Religious bodies have key role in tackling family violence in S’pore: Sun Xueling

Minister of State for Social and Family Development Sun Xueling (centre) and representatives of various faiths at a panel discussion on how religious organisations can identify and help victims of family violence. PHOTO: BERITA HARIAN

SINGAPORE – Religious organisations play an important role in Singapore, where 80 per cent of residents have a religious affiliation and their beliefs shape their attitudes towards familial roles and responsibilities. 

Minister of State for Social and Family Development Sun Xueling made this observation on Saturday at an interfaith event, and said religious organisations can provide a safe space for people to talk about family violence and seek help.

She added: “Our ethnic heritage, cultural traditions, religious beliefs, societal norms... form our attitudes towards how men and women engage each other. They also influence... the mutual respect we pay each other and behaviours we deem appropriate and acceptable.” 

She was delivering the opening address at the event held at the Devan Nair Institute for Employment and Employability. It was attended by 110 participants, most of whom are from religious organisations and social service agencies. 

The event was organised by the Jurong Family Violence Working Group, which brings together social service agencies, religious institutions and other stakeholders in the area, to address family and domestic violence.

Underlining how family violence remains a concern, Ms Sun said that in 2017, the Ministry of Social and Family Development’s Child Protective Service and Adult Protective Service received 3,300 and 480 inquiries, respectively. By 2020, these had risen to 5,200 and 1,200.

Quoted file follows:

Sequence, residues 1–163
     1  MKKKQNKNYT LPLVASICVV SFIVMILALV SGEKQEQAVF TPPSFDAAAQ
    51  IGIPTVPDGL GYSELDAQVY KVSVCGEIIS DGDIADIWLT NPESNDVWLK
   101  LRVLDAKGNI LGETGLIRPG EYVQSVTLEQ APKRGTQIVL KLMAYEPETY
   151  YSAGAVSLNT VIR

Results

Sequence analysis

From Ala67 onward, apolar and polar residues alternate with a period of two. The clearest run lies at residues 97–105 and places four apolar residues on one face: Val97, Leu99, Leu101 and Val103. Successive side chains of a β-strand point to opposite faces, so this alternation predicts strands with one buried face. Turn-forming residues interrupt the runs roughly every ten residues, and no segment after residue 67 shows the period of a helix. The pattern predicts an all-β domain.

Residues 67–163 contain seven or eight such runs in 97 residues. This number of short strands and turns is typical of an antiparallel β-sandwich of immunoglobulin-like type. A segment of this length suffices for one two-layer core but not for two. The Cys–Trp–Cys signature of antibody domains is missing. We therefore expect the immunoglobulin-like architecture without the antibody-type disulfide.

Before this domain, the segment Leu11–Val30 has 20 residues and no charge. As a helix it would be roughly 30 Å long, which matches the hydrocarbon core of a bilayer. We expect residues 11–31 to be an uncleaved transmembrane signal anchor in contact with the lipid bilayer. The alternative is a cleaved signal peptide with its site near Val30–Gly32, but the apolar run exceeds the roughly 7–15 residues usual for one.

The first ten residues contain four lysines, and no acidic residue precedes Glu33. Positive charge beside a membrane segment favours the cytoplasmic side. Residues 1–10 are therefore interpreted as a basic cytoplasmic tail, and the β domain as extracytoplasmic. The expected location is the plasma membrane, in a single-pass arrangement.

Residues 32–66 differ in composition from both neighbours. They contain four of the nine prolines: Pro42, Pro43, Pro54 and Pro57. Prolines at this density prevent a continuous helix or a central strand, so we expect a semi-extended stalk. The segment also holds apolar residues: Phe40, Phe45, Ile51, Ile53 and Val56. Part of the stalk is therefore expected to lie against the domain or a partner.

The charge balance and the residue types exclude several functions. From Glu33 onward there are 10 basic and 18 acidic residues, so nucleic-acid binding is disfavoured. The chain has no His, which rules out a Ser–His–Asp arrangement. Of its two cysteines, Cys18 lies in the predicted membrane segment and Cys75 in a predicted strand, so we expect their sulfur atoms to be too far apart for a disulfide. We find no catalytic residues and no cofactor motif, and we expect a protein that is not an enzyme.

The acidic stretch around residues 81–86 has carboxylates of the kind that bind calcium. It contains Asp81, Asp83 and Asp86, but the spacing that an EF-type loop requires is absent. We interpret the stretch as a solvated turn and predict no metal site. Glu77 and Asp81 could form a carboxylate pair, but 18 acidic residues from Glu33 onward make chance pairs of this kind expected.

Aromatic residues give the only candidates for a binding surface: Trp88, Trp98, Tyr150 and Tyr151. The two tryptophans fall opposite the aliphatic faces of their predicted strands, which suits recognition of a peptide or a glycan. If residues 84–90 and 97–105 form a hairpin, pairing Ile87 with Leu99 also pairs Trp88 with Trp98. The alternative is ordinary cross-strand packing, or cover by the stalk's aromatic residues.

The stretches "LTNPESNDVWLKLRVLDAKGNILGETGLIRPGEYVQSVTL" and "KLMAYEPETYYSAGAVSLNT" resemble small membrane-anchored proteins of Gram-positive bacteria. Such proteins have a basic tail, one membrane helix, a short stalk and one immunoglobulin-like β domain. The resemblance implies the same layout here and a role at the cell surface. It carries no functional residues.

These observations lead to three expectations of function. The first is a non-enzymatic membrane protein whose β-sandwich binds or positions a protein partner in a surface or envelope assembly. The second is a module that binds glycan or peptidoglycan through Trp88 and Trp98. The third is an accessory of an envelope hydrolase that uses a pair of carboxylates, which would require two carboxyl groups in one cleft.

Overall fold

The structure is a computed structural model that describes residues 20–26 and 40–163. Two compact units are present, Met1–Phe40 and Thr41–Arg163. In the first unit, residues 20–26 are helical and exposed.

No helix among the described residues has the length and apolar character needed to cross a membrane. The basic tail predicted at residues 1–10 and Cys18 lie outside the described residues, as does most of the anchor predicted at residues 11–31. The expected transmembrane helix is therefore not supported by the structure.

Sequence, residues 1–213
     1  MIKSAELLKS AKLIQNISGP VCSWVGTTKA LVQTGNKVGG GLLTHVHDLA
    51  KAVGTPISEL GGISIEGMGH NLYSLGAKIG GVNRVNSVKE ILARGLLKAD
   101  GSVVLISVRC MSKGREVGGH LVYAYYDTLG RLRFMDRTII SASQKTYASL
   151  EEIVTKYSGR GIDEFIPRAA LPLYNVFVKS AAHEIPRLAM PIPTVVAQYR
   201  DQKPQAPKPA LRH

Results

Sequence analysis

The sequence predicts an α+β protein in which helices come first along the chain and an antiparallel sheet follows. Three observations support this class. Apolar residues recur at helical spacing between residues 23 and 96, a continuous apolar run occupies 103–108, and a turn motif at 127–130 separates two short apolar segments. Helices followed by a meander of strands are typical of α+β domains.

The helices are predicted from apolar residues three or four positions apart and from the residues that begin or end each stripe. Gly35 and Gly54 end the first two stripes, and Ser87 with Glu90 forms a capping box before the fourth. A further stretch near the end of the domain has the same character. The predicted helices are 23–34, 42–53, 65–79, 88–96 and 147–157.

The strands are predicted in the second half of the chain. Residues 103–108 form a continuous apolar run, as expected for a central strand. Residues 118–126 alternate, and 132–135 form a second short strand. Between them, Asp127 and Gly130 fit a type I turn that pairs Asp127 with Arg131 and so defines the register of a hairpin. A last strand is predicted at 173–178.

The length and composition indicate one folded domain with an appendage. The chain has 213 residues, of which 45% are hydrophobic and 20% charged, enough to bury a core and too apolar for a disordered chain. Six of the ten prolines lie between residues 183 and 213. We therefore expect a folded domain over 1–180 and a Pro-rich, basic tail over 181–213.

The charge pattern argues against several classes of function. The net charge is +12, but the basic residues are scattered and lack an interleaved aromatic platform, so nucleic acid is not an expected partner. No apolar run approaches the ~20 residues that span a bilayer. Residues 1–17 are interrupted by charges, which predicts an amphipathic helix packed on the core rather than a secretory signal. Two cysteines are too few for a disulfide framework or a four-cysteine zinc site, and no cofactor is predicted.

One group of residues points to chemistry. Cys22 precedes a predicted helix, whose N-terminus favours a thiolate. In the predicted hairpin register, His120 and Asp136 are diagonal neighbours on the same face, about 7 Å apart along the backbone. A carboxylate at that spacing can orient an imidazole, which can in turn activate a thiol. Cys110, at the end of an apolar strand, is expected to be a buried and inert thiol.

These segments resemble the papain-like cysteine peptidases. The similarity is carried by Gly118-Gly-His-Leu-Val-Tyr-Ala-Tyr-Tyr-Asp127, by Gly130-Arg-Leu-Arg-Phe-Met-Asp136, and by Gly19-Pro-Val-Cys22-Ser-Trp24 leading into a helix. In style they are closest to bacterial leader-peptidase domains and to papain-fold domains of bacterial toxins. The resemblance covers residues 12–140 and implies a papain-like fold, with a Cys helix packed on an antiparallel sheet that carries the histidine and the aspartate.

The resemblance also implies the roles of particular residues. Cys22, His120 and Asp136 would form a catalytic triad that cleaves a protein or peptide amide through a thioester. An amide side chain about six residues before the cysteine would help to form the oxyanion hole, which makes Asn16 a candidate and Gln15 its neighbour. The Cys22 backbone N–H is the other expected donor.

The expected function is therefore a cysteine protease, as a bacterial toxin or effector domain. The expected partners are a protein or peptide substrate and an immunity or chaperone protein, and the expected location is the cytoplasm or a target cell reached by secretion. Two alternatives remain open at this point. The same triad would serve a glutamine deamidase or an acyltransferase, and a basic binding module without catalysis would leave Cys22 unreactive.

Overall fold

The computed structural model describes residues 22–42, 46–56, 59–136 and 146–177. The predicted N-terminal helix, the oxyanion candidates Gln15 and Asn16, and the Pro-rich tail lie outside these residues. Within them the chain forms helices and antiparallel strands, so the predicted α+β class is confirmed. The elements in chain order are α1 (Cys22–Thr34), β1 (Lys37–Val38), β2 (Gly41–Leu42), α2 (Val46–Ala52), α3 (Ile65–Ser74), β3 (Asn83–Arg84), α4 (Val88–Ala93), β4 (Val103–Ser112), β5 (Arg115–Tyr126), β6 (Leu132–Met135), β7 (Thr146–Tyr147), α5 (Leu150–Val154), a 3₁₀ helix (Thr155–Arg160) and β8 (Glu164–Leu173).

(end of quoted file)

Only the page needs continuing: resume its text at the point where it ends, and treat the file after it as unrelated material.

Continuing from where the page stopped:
Family violence goes beyond physical abuse, and includes neglect as well as psychological, sexual and emotional abuse, Ms Sun said. She also noted how violence that takes place in a domestic setting may be less visible. 

She said: “We need the helpful eyes of the public to identify these cases and report (them) where possible and necessary so that survivors can seek help.

“No one should suffer in silence. We can build a safer environment for the next generation and strengthen our family unit.” 

On Saturday, representatives of various faiths held a panel discussion on how religious organisations can identify and help victims of family violence. 

Ms Susila Ganesan, a member of the Hindu Advisory Board, said that in 2022, she learnt that a housewife in her 40s was being beaten by her husband, after the woman told a temple volunteer about her situation. 

Ms Ganesan said: “At temples, it’s common for people to seek divine help when they are going through a tough period of time. We train our temple administrative staff to identify issues we can address.” 

In her speech, Ms Sun had noted that there may be instances of people misinterpreting religious verses or using religion unjustifiably to commit violence. 

Ms Ganesan said the husband used the Hindu concept of karma to justify his actions and the breakdown of his marriage. During counselling, she advised the man to consider how his actions have hurt his wife and will affect his karma. 

After the panel discussion, a participant asked how religious organisations can balance the virtue of forgiveness, which many faiths believe in, with the need to tackle abuse. 

Reverend Terry Kee, the pastor of Jurong Christian Church, said: “Forgiveness does not mean someone should subject themselves to abuse again and again. Retaliating will aggravate the situation, but not doing anything will not solve the problem.” 

Church leaders conduct regular house visits, Rev Kee said, and when a family seeks help, the leaders do their best to listen and understand the situation before offering emotional support or other forms of help such as counselling and financial aid.

With regard to family violence, Rev Kee said: “It’s natural to be angry, but you have to learn how to deal with your anger. These actions can cause long-lasting impact. Physical hurt can heal quite quickly, but the emotional hurt sometimes lasts a lifetime.” 

People can call the National Anti-Violence and Sexual Harassment Helpline on 1800-777-0000 if someone they know is experiencing violence.

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